• Unlawful use of a two-way communication device – When a person is accused of using any two-way communication device to facilitate or further any felony offense in Florida. Considered a third-degree felony.
  • Seducing a Minor – When a person is accused of knowingly using a computer service, internet service, or any other device capable of electronic data storage or transmission to seduce, solicit, or entice a minor of engaging in any unlawful sexual conduct. Charges range from a third-degree felony to a second-degree felony.
  • Traveling to Meet a Minor When a person is accused of traveling any distance within, to, or from Florida, for the purpose of engaging in any illegal act or unlawful sexual act with a minor or person believed to be a minor. Considered a second-degree felony.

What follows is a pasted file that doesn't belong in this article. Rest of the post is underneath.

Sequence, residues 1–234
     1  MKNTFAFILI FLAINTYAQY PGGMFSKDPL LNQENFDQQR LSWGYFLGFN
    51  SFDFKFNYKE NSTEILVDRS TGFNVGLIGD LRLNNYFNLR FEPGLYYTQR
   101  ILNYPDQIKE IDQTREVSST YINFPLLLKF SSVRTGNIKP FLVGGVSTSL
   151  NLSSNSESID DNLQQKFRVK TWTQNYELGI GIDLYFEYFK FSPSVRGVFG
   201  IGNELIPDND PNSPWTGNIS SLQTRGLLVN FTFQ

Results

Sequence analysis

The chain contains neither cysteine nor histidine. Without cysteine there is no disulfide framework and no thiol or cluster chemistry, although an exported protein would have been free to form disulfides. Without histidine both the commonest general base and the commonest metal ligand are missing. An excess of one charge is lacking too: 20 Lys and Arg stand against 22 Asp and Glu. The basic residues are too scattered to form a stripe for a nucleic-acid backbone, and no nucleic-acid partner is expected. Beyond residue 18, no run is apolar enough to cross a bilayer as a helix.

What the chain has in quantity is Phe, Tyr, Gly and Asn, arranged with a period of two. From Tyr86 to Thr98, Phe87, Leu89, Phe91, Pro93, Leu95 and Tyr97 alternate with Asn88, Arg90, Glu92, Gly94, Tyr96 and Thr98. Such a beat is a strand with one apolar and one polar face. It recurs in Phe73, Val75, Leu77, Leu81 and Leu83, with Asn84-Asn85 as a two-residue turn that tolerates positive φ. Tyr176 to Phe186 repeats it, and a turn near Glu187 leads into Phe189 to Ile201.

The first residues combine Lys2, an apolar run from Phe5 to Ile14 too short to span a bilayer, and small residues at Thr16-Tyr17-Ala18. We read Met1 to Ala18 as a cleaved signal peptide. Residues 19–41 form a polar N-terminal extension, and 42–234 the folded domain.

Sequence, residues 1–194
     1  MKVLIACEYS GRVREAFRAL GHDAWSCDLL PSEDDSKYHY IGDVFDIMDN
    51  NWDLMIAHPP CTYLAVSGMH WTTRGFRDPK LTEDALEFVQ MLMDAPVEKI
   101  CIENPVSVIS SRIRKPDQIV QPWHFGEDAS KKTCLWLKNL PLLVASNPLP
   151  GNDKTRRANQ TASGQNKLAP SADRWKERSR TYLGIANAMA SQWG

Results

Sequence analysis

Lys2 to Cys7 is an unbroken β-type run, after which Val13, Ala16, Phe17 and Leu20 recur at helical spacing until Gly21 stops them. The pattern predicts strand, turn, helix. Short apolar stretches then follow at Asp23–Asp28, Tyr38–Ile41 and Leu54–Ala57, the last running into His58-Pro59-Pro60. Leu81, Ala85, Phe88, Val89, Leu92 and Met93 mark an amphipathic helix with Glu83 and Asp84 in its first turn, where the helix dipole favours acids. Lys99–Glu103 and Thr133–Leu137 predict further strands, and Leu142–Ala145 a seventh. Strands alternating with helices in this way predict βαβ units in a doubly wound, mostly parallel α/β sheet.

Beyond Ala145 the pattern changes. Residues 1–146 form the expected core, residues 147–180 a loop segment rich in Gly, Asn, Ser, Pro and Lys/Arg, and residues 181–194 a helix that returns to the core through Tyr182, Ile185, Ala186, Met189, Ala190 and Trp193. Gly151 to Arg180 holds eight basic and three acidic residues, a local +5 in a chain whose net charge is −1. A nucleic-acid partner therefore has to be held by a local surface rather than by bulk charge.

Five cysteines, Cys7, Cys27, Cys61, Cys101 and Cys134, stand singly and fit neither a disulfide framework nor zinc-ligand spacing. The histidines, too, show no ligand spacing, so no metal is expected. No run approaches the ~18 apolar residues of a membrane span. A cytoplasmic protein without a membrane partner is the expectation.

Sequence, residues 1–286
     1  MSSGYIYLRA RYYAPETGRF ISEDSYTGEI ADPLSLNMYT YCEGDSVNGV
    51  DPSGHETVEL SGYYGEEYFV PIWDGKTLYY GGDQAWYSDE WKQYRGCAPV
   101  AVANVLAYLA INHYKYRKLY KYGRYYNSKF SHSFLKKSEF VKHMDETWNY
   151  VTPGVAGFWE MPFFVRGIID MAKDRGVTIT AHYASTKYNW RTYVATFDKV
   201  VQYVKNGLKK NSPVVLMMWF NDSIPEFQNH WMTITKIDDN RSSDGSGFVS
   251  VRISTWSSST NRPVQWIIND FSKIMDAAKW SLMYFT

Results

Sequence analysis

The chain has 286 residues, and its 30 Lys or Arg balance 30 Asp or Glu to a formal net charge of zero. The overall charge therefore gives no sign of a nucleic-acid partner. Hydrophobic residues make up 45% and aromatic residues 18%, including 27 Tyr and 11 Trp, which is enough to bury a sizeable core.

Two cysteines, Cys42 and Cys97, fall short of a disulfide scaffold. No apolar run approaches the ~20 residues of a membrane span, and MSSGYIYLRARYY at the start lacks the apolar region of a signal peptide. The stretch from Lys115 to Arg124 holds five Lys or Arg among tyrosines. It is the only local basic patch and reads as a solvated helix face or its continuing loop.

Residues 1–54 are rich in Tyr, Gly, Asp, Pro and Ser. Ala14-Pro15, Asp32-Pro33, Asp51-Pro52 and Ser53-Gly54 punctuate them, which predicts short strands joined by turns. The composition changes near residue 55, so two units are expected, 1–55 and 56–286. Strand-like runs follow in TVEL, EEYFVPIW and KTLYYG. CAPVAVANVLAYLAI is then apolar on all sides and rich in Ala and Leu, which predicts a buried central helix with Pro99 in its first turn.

• Computer Pornography When a person is accused of compiling, transmitting, printing, publishing, reproducing, buys, sells, or exchanges any notice, statement, or advertisement with any minor’s personal information for the purpose of facilitating, encouraging, offering, or soliciting sexual conduct of or with any minor. Considered a third-degree felony.

If you or someone you care about is accused of any criminal offense targeted against minors online, you should prioritize finding legal representation. Criminal offenses that are sexual in nature may also come with the severe consequence of a lifelong registry as a sexual offender. The lawyers with Pumphrey Law can review your case and establish a plan for defense.

Florida’s Potential Social Media Bill to Protect Minors Online

One new proposed legislation could change the number of minors online. What started as HB 1 was initially vetoed by Gov. Ron DeSantis and later rewritten to what is now HB 3 titled, “Online Protection for Minors.”